For People of Faith, A Word or Two

Author: Dick Bolles

I grew up in the Christian church. That is to say, I grew up in the Land of Faith, and I have always found it to be a lovely land.  It is full of beauty, color, light, sound, mercy, love, forgiveness and compassion. It is a land of joy, strength, and laughter. Because I live in the Land of Faith, now at age 88 I have a city inside my head: memorized music from the great composers, poetry, texts, hymns, images—they’re all playing in there; and I have fellowship and a bond with others who also hunger that there be a God, and love the idea that we have a Creator. 

I have friends, of course, who know no such hunger.  They not only do not believe we have a creator, they feel no need that there be one. Some of them, indeed, are glad there is no one to whom they will be ultimately accountable, or to whom they owe Gratitude. 

Talk between those who feel a hunger that there be a God and those who do not, is usually not very fruitful. The conversation usually degenerates into each side trying to convince the other that they are wrong. For example, Richard Dawkins, in his book The God Delusion states “If this book works as I intend, religious readers who open it will be atheists when they put it down.“ There are also the famous atheist billboards in New York’s Times Squareand elsewhere.  On the other side, there are fundamentalist and evangelical Christians who feel a deep need to convince those who have no hunger for God, of the error of their ways—and they have Biblical texts to justify their doing this.  

I myself have never been a fundamentalist, and never could be one. I have never felt any need to convert those who feel no hunger for God.  My thoughts run in another direction, entirely:  Let it be, let it be, let it be. We who have a hunger for God should just place those who do not, into the hands of the God they do not believe in.  And let it be. Speaking words of wisdom, let it be.

But among ourselves, I think we should talk.  Talk and share.  By the age of 88, you have had a lot of experiences.  A lot.  And you have learned a lot.   So, I thought today I would share my experiences with prayer.  Particularly with prayer for healing.    When I have seen prayers for the healing of someone,  and small miracles then occur,  I have noticed certain things that  hinder such prayers, and certain things that seem to help.   So, here are my learnings, for what they're worth:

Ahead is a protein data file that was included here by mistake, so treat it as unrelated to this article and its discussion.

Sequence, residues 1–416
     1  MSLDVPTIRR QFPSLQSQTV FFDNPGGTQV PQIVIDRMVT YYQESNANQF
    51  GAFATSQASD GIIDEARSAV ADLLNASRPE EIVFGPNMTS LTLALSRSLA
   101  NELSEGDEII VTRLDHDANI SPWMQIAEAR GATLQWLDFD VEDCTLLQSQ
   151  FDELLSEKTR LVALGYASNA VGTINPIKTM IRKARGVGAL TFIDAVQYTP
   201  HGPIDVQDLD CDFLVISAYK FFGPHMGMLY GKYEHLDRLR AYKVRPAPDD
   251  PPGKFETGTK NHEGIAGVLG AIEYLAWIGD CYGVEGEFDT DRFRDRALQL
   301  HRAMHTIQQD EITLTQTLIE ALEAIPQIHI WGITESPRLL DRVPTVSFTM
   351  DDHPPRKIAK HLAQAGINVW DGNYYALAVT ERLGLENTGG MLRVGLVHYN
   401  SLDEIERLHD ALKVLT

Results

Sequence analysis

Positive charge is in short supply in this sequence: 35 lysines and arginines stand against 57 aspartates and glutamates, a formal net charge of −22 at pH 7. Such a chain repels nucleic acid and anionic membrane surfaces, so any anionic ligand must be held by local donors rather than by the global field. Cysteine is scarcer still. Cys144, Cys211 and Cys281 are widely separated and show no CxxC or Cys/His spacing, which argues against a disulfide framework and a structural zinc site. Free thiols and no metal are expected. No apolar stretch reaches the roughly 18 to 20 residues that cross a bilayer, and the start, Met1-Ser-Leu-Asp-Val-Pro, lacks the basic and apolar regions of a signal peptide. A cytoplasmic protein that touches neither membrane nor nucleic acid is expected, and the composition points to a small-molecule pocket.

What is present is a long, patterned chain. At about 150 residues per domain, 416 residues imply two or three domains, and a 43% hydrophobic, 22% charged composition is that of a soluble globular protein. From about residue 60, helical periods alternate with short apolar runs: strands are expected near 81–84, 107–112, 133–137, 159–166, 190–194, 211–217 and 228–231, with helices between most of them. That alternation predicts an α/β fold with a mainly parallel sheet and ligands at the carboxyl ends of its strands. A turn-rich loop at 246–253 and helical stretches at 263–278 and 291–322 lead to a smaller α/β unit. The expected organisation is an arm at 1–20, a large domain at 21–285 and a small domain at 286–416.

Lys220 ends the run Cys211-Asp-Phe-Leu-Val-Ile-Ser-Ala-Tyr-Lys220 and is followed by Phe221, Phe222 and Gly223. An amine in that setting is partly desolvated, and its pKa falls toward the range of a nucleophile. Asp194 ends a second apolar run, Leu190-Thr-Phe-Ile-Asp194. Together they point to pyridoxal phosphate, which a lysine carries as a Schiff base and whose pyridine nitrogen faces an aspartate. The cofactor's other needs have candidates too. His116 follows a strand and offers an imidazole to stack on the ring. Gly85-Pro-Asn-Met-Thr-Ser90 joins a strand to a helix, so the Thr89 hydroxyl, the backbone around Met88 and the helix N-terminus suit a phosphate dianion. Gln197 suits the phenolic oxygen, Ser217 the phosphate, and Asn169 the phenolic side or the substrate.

1. They begin by focussing on God, and thanking Him (Her) for all past blessings in their life.  If we are not grateful for what we have already received, why should we think that we will receive any more?

2. They then tell Our Creator,  that they trust in His power to intervene in our lives, but only when invited in.

3. They picture to themselves a door, and beyond that door lies a beautiful countryside with a radiant, healed person, for whom they are praying

4. They tell the Lord that they know He needs your prayer, because that is the key that opens the door.
3. You ask for healing, and picture coming down from heaven an early light-blue light,  going in through the top 
of Kiri's head, and bathing her whole being.
4. You picture this for several minutes.
5. You then ask the Lord for direction about any healing aids that lie within Our control. (You know the old story about the woman whose home was in the midst of a flood, she climbed to the highest floor, then the roof,  two rowboats came by and offered to rescue her, she declined,saying "I'm waiting for the Lord to save me."  Finally, she drowned,  went to heaven, and bawled out the Lord for ignoring her prayersr.  "What do you mean?" the Lord replied, "I sent two rowboats to rescue you.")
In the case of my own back for example, I prayed but then it became clear to me that the Lord was using other instruments:  I heard/felt/sensed NOT to use doctors, neurologists, surgeons or even chiropractors, but only a physical therapist.  I asked all my friends who was the best, and that is what I have followed ever since, and my back is gradually getting better and better, and better, as you know.  Of course, we want instant healing, with no work on our part, but that is not always the way the Lord works.  He often uses "instruments" whether they be rowboats or physical therapists.
6. ALWAYS end the prayer by affirming "Not my will, but thine, be done."  and ask the good Lord to make something beautiful out of our suffering.   That almost always means,  being infinitely more sensitive every day to those we know or run into, who are also suffering, in the same or in other ways   The body is temporary; the soul is eternal.  If the goal goes around the world dispensing sympathy and understanding, that is the greatest gift the soul can ever seek.